I have been around long enough to remember how child maintenance was dealt with by the courts prior to the advent of the child support system. I recall, in particular, walking down to the local magistrates’ court most Thursday mornings to argue the issue on behalf of mothers and fathers.
That court-based system was certainly not perfect. There could, for example, be large discrepancies between how much different courts, or just different magistrates/judges, ordered respondents (‘non-resident parents’, to use the jargon of the child support system) to pay. There was, of course, no formula for the courts to use to decide the amount of the maintenance – the cases were dealt with on the basis of what the court felt was a reasonable sum for the respondent to pay, having regard to the facts of the case, in particular the means of the parties. Such a discretionary system inevitably meant that different judges would have different views as to what was reasonable, given the same facts.
However, imperfect though the old system was, it had nothing on the imperfections of the child support system (in its various guises) that succeeded it, administered by the Child Support Agency (CSA), and now by the Child Maintenance Service. Take, for example, the recent case PS v Secretary of State for Work and Pensions and LM (CSM) (Child support : other), decided by Judge of the Upper Tribunal Stewart Wright on 5 October last. The case, which involved an appeal by a parent with care father against a decision of the First-tier Tribunal, was a catalogue of errors that led Judge Wright to say that it was:
“…not, however, an appeal that provides a good advert for the workings or administration of the CSA, as the history below shows.”
Now, at this point I would like to set out a list of the errors that that history shows, but I am a little hesitant to go into details, not because the history is complex (it is), but because the case is continuing, and the full facts have not yet been established, by being determined by a court or tribunal. Accordingly, what follows is a little limited, and subject to the proviso that I have tried to give a fair and balanced view on the following points.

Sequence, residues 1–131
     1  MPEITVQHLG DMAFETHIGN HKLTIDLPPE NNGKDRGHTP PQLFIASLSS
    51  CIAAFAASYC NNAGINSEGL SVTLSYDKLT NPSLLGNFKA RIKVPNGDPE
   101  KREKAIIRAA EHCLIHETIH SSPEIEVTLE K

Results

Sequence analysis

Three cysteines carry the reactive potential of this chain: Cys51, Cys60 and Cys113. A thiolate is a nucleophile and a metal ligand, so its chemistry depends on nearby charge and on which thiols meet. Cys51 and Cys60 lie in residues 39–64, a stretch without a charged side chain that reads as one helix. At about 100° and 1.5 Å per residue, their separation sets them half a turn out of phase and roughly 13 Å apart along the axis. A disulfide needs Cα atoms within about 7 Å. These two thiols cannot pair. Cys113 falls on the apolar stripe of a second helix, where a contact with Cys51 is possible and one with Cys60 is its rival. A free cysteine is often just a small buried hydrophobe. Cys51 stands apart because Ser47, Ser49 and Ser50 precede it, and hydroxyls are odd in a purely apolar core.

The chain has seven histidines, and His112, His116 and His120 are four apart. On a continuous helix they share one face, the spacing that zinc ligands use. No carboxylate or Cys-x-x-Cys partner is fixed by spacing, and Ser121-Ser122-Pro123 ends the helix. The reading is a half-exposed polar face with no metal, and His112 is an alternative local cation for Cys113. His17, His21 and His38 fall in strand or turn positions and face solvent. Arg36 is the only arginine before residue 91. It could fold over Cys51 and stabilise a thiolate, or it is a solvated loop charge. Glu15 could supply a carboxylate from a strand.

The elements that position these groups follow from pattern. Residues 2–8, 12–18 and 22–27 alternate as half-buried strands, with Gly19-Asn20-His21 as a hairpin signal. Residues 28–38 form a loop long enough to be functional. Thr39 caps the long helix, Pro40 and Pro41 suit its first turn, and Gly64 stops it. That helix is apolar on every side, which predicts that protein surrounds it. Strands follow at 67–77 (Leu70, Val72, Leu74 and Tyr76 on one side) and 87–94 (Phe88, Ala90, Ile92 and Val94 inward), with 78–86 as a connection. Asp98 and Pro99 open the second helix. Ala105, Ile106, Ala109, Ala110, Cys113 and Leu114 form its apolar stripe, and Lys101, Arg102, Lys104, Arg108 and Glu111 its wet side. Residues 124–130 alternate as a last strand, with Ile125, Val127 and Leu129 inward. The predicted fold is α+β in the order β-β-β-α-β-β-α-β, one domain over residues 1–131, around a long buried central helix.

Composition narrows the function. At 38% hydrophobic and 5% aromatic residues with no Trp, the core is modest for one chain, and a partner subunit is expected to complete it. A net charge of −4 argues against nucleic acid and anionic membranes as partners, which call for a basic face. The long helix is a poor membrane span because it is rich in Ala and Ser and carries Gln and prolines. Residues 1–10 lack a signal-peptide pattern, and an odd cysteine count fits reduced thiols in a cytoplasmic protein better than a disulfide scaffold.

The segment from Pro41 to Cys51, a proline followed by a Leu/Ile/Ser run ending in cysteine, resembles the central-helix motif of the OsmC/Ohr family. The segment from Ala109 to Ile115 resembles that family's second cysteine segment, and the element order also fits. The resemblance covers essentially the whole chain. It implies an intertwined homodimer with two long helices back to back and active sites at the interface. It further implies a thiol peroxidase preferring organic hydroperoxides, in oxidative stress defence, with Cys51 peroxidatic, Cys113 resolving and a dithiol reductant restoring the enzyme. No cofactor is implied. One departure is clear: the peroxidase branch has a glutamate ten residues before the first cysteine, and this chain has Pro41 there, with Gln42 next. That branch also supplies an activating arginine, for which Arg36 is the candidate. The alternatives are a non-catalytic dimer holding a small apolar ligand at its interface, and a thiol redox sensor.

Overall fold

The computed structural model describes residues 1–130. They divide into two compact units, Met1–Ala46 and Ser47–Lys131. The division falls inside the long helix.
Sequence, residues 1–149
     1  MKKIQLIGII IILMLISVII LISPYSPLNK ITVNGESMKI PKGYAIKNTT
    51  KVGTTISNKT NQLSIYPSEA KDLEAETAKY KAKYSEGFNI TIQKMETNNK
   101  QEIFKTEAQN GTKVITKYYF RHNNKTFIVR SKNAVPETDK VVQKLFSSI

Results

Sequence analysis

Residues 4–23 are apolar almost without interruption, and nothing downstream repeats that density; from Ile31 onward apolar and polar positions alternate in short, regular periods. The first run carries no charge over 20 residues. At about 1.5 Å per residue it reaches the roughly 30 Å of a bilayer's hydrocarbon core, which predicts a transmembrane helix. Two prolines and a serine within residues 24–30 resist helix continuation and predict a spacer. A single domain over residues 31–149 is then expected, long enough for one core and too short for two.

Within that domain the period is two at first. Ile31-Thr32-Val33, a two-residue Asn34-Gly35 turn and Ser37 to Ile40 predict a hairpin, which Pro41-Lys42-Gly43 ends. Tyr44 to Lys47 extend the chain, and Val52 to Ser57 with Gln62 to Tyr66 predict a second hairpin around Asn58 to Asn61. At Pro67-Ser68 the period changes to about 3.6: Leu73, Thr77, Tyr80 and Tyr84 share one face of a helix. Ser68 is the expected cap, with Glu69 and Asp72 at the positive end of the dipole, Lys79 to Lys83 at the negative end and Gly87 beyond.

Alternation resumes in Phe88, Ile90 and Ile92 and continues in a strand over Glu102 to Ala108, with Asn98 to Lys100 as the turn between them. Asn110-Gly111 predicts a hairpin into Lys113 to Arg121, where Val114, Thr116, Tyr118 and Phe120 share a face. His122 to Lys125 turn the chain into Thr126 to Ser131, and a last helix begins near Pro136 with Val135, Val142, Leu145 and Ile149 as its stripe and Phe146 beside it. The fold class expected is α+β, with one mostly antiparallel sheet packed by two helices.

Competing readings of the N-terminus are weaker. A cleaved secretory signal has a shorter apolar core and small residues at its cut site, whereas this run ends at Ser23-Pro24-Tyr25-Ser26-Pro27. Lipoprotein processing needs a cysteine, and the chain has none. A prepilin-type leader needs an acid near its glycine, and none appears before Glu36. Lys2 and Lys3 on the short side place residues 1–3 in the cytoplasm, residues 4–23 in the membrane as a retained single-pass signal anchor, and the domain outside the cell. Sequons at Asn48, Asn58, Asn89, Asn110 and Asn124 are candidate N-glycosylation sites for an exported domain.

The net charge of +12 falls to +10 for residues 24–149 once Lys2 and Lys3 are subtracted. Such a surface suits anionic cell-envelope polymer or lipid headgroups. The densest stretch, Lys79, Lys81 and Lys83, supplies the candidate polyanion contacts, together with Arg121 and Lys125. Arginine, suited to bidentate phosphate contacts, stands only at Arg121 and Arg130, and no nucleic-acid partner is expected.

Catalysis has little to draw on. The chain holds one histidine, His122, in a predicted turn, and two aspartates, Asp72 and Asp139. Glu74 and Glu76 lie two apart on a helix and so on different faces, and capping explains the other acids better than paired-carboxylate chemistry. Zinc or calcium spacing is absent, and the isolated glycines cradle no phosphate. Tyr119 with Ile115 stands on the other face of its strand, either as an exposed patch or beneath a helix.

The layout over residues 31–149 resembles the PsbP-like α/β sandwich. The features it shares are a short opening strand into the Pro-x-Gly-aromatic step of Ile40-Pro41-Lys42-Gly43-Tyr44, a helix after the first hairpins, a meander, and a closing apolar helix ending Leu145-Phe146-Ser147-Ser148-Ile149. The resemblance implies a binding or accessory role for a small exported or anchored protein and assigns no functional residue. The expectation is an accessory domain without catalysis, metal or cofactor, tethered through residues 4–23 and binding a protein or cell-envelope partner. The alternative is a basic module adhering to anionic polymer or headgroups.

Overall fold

Subject to that, the case clearly throws up a number of points of concern, which include:
- The father originally applied for child support maintenance in January 2001. Once that application was received, the CSA should have sent a ‘maintenance enquiry form’ (MEF) to the mother. Now, one would expect that the CSA would have kept a clear record of this important step in the procedure, and that it would therefore be inarguable that the step had been properly taken. However, the records that have been kept are such that to this day it is still in dispute as to whether the MEF was sent to the mother, at her then correct address.
- Whatever, the CSA clearly believed that the mother had received the MEF. It was then the duty of the mother to complete the form with details of her means, and return it to the CSA, so that the CSA could carry out a maintenance assessment. The MEF was not returned, but the CSA took no action.
- In fact, no further action was taken by the CSA until August 2008, when “a decision was made to cancel the case from 01/06/07”. It was not properly recorded why the CSA decided to cancel the case and, indeed, it appears that they had no legal grounds for doing so. It was also not clear whether the father had been notified of the decision.
- In 2012 the father made enquiries about his application, only to be told that the case had been closed in 2007. Following an investigation the Secretary of State concluded that the case had been closed in error and should be reopened. In October 2013 the Secretary of State found the mother to be liable to pay child support maintenance at a variety of rates from 9 July 2001 until 3 September 2012, when the case was finally closed, as the child had by then reached the age of 16 and had ceased to be a “qualifying child”.
- The mother appealed against this decision, arguing that the case had been closed since 2007. Tellingly, in his response to the mother’s appeal the Secretary of State claimed (in fact wrongly, in the view of Judge Wright) that the case suffered from a “paucity of information”.
I’m not going to go any further, save to say that the mother’s appeal was allowed in part, partly because the tribunal found that no MEF had been issued in 2001. The father then appealed against that decision, and Judge Wright found that the tribunal had failed to have regard to evidence “which at the very least arguably shows that a maintenance enquiry form had been issued by the Secretary of State … to the mother in 2001.” Accordingly, the father’s appeal was allowed, and the matter will go back to be re-decided afresh, by a differently constituted First-tier Tribunal. Thus, it would appear that the case will not finally be decided at least until next year, sixteen years after the application was first made, and more than four years after the child no longer qualified for child support.
Now, I can’t recall any child maintenance case that the courts dealt with that involved such a catalogue of errors, delay and mismanagement. On the other hand, I have read many reports of such cases dealt with under the child support system. As I said earlier, the courts did not achieve perfection, but they got a lot closer to that goal than the child support system, which has, quite simply, never been fit for purpose.
If you really want to, you can read the report of PS v Secretary of State for Work and Pensions and LM here.